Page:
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Going Guarantor & The Bank of Mum and Dad

Marty McDonald - Tuesday, November 09, 2021

Ever wondered what going guarantor means or what a family guarantee is? What about the old bank of Mum and Dad, what’s that about? In this post we explore what these terms mean in the context of how family members (usually parents) can help their kids into the property market.

Guarantor loans
What does it mean when parents go ‘guarantor’ on their childrens’ home loan? It means parents offer up additional security in the form of an equity guarantee in their property to help their kids secure a loan to buy a home. The younger generation may have secure jobs, sufficient income to service their proposed loan and some savings but not quite enough to get into a home of their own. Sometimes providing a guarantee would be useful simply to help their kids avoid paying mortgage insurance which can be as much as 4% of the loan amount.

This type of family guarantee does not mean that parents are responsible for paying their kids’ loan. It means they are putting a property up as security for the loan so in a worst-case default scenario it means the guarantors pledged property could be sold. Of course, the lender would pursue the sale of the childrens’ property first and the guarantee is a limited guarantee meaning only the amount of the guarantee is at risk. If the parents had other assets they could use those to pay out their guarantee or part thereof to avoid the sale of their property.

Typical Guarantee Example
Let’s say a young couple is looking to buy their first home with the following details.

  • Purchase Price / Value of the property $1,000,000.
  • Costs such as stamp duty and legal fees $45,000.
  • Total savings of $85,000.
  • Loan required $960,000 ($1M + $45K - $85K).
  • Loan to value ratio (LVR) 96%.

As they would need a loan of $960,000 the LVR would be 96% meaning that they would not qualify for a loan (maximum is generally 90% or 95%). Not only are they short on the deposit they also haven’t got funds to cover the mortgage insurance which would be another $35,000 - $40,000 if looking to borrow the maximum LVR allowed.

In step the parents, who have equity in their own property. They can offer the lender a limited guarantee on their property providing equity sufficient to ensure the lender has 20% equity buffer on the loan required. In this case $200,000 in additional equity would be required to make the LVR 80%.  ($960,000 loan / $1,200,000 in equity = 80%). The $1.2M is the combined values of the property being purchased and the guarantee amount needed on the parents’ property.

How do you release a guarantee?
Down the track the ‘guarantee’ can be lifted off the parents’ property when the property that was purchased has the required 20% equity buffer on its own - or put another way, the current loan amount divided by the current property value is less than 80%. This is usually initiated when the price goes up enough to allow a re-valuation.

The Bank of Mum and Dad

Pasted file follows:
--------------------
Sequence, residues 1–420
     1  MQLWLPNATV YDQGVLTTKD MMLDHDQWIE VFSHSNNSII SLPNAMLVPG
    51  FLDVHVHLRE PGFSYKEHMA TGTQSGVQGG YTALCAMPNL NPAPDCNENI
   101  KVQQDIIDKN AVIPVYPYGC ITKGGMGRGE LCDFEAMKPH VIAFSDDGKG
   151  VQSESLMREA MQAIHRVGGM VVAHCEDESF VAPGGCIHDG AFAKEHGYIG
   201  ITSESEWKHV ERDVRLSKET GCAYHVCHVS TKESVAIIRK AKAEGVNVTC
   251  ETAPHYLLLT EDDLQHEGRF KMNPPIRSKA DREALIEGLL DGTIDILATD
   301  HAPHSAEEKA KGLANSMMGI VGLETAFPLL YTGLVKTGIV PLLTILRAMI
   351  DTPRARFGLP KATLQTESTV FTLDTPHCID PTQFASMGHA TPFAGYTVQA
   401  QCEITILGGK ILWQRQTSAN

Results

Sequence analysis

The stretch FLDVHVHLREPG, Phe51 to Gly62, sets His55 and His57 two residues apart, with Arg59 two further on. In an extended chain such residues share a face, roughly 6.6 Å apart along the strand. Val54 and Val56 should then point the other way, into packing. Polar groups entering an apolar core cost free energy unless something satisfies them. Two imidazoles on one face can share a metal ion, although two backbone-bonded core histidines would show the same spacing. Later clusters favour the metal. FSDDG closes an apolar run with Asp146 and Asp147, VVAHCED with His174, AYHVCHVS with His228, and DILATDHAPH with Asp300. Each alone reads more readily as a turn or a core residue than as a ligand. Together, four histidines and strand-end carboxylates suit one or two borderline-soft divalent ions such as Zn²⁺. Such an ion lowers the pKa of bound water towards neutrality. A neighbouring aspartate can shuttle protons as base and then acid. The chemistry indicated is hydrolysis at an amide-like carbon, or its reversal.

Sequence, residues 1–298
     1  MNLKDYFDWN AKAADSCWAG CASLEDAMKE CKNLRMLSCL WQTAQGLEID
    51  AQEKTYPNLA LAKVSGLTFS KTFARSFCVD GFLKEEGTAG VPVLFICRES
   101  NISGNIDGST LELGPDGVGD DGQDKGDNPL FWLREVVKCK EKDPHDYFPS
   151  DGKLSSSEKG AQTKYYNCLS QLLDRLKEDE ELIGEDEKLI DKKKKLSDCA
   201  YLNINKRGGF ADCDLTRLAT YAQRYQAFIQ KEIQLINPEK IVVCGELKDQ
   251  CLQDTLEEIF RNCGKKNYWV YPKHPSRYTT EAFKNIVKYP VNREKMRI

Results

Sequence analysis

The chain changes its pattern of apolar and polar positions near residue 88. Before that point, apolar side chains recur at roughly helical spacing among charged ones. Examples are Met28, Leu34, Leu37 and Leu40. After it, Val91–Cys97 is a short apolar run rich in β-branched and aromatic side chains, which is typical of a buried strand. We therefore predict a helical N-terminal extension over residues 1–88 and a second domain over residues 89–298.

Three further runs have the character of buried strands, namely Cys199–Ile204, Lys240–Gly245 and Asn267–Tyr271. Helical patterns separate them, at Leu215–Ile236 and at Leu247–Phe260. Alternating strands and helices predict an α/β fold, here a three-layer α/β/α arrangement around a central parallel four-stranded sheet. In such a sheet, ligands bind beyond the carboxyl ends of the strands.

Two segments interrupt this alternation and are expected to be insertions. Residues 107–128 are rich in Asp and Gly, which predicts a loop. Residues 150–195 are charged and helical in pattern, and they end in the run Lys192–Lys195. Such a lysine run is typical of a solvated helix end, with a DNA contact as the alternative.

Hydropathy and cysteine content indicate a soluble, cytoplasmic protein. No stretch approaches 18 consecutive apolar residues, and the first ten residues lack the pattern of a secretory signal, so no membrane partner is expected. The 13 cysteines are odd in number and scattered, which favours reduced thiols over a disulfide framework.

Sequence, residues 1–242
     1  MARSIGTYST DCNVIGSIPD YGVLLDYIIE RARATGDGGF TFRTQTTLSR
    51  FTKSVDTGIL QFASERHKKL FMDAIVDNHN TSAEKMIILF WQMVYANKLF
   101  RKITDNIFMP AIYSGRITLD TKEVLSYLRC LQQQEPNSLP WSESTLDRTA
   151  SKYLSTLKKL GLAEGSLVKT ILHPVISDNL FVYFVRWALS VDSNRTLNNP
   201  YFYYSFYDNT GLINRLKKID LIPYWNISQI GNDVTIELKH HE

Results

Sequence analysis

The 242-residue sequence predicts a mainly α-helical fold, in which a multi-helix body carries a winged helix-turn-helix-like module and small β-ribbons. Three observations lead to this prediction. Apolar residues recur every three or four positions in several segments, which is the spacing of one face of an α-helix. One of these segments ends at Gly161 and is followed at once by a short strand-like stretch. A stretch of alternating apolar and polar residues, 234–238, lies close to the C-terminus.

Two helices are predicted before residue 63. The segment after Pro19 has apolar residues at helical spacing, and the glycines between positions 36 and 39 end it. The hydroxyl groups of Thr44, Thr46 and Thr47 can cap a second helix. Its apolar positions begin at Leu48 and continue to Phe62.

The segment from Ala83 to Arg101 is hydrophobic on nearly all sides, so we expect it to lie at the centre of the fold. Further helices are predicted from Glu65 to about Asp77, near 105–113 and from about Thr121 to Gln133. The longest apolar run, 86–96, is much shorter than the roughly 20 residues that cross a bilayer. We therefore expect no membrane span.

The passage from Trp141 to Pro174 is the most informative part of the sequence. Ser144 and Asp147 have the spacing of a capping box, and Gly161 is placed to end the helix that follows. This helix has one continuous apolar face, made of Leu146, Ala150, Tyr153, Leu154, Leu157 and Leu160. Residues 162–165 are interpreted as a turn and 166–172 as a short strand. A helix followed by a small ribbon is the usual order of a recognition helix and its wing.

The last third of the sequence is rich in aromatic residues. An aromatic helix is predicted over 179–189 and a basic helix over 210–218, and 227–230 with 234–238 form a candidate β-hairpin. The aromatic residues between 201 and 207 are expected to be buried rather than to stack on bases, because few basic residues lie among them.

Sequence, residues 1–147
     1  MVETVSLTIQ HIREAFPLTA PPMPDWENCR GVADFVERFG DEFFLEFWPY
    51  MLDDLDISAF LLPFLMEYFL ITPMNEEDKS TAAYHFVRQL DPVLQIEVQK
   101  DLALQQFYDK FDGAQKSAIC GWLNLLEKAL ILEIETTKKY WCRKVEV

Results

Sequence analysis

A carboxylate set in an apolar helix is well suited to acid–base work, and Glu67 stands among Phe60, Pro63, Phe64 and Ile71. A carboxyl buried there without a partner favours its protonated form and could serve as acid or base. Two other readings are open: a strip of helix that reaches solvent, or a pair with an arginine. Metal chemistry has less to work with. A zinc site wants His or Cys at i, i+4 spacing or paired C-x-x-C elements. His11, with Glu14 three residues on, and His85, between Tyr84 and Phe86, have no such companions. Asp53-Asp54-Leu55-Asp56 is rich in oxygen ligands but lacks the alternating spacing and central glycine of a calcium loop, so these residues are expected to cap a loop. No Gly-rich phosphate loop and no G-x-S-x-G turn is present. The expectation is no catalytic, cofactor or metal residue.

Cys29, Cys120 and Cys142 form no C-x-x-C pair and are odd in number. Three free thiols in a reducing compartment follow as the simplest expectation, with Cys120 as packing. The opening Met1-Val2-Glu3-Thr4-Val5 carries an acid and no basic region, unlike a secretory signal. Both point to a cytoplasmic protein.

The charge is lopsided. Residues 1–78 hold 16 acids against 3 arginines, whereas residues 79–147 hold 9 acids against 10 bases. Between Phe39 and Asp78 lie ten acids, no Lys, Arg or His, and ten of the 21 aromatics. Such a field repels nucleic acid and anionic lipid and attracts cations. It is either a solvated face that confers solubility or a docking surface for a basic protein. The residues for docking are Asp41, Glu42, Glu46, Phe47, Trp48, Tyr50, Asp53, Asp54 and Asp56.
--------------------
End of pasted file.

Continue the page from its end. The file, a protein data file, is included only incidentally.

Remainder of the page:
What about receiving a cash gift or loan from your parents to get to your deposit goals faster? This type of help has been nicknamed the ‘bank of mum and dad’ and is probably the number one way that parents assist their children to get into the property market.
The big plus with this is of course the amount borrowed from the bank is less than with a straight up family guarantee option.

One issue that can arise when gifting funds is the bank/lender won’t see these gifted funds as “genuine savings”, meaning that even though you may have the required funds available for a deposit you may still need proof that you have accumulated some genuine savings yourself. This goes to your ability to repay a loan and general financial responsibility. Generally, proof that you have saved 5% of the proposed purchase price over time is required when borrowing 90% or more of the property value.  Sometimes you can show a rental history in lieu of proving your saving history. This of course doesn’t negate the need for the actual deposit funds being available.

Another issue is when the funds from family are a “loan” and not a gift per se. This is a complex area, and many lenders don’t like the funds being a “loan” because it can impact the borrower’s future capacity to repay the proposed bank loan. There is however usually a solution to keep all parties happy whether that be a formal loan agreement with no set repayments and no set interest rate etc or perhaps parents loaning the funds before the application is made (this is assuming no repayments are payable).

At the end of the day is having a guarantor a better option than being given some extra cash to help with a deposit? Every family circumstance is going to be different. It might suit a particular family to give a gift with the big plus being they have limited responsibility for the loan ongoing. The alternative if they go guarantor carries more risk but can save the borrower a lot in avoiding mortgage insurance and better interest rates. So you would need to weigh up these pros and cons with your family to see what suits you all best.

Next Steps
If you have been thinking about going guarantor for your kids, gifting them a deposit or you are thinking of asking your parents for help then you should contact our team to crunch the numbers and strategise with you to see what’s possible.  

About the Author: Marty McDonald is principal of mortgage broker “Mortgage Experts”. Marty specialises in assisting active property investors with loan structuring advice and implementation as well as helping credit worthy borrowers with slightly outside the box income and employment situations. Find Marty on  and LinkedIn.

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